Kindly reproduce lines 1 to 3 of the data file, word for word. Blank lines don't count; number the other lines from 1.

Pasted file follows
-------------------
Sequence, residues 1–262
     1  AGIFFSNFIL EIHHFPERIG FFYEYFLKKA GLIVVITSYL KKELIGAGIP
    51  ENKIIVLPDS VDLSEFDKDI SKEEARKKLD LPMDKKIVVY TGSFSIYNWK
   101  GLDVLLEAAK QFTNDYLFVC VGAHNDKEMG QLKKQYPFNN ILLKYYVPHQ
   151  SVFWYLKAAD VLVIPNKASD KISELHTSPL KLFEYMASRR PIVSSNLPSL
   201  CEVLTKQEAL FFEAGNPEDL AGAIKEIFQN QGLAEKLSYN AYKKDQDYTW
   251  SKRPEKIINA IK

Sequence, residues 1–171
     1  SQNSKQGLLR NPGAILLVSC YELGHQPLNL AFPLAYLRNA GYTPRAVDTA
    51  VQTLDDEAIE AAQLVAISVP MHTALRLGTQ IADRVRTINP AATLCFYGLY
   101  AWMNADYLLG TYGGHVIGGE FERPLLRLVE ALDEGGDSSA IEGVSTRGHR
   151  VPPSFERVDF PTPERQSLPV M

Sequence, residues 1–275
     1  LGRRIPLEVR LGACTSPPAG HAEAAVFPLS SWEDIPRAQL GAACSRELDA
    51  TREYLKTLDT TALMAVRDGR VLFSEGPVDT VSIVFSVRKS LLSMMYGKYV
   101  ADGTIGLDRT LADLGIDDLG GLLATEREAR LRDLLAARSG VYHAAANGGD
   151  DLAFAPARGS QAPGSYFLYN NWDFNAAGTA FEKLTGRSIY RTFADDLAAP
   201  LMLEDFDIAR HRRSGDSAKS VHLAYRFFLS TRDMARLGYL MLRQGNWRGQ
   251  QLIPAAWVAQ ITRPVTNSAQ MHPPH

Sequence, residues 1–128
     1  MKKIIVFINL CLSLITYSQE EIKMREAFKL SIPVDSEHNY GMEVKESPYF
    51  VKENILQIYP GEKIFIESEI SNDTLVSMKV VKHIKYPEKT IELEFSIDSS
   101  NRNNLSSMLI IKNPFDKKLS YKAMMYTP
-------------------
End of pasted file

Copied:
Sequence, residues 1–262
     1  AGIFFSNFIL EIHHFPERIG FFYEYFLKKA GLIVVITSYL KKELIGAGIP
    51  ENKIIVLPDS VDLSEFDKDI SKEEARKKLD LPMDKKIVVY TGSFSIYNWK